This paper takes the Status Loss Theory (introduced and explained in the first "How Humor Works" paper), and applies it to 40 real-world examples, including memes, radio and TV shows, movie and comic book tropes, song parodies, humor sayings, stand-up comedy cliches, known psychological quirks of humor, and more, to demonstrate the theory's potential to function as the first clear, complete, logical, and simple basis for defining, studying, and understanding humor in all of its forms.
Keywords humor  psychology  evolution  rationality  comedy  literature  movies  television  social science  laughter
Categories (categorize this paper)
Edit this record
Mark as duplicate
Export citation
Find it on Scholar
Request removal from index
Revision history

Download options

PhilArchive copy

 PhilArchive page | Other versions
External links

Setup an account with your affiliations in order to access resources via your University's proxy server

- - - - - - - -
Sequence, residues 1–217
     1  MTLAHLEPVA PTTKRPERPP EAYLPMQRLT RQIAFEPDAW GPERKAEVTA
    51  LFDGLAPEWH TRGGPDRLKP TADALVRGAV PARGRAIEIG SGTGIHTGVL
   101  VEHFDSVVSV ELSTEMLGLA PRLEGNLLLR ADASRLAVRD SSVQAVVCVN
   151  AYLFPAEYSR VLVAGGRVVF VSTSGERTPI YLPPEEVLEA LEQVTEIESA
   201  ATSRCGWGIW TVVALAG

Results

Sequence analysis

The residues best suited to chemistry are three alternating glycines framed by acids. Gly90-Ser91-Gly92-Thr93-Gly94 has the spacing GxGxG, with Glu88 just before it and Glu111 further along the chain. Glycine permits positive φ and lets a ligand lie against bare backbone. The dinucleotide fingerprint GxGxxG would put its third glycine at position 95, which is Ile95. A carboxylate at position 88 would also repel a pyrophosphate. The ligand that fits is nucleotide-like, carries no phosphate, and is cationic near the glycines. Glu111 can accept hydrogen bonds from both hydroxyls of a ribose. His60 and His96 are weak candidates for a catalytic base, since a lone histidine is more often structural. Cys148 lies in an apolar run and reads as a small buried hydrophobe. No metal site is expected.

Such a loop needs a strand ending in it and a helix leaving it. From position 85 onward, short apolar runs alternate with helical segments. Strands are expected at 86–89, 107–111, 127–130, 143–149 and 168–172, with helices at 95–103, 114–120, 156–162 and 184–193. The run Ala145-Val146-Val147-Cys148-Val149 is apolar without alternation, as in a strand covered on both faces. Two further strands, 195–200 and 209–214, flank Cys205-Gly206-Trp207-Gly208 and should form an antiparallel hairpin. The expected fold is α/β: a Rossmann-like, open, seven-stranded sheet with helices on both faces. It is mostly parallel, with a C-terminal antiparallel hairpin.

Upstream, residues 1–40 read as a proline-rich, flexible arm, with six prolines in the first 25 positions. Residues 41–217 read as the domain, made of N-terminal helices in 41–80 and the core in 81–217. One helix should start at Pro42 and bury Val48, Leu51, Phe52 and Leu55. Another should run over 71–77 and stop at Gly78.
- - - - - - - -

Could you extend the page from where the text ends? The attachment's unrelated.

Configure custom proxy (use this if your affiliation does not provide a proxy)
Through your library

References found in this work BETA

No references found.

Add more references

Citations of this work BETA

No citations found.

Add more citations

Similar books and articles

Belief and the Basis of Humor.Niall Shanks & Hugh LaFollette - 1993 - American Philosophical Quarterly 30 (4):329-39.
Philosophy of Humor.Joshua Shaw - 2010 - Philosophy Compass 5 (2):112-126.
The Rejection of Humor in Western Thought.John Morreall - 1989 - Philosophy East and West 39 (3):243-265.


Added to PP index

Total views
495 ( #18,126 of 2,506,002 )

Recent downloads (6 months)
42 ( #21,001 of 2,506,002 )

How can I increase my downloads?


My notes